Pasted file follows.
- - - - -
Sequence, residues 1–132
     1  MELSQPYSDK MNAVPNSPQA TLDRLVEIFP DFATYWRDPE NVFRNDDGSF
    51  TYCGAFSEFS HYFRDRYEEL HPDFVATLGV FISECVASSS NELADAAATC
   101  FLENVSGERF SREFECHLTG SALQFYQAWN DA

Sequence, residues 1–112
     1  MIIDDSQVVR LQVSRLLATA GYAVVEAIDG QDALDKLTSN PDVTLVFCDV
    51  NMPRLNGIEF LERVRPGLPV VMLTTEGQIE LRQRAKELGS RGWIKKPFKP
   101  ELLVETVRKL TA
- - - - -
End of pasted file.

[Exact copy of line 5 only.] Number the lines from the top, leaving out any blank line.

Sequence, residues 1–112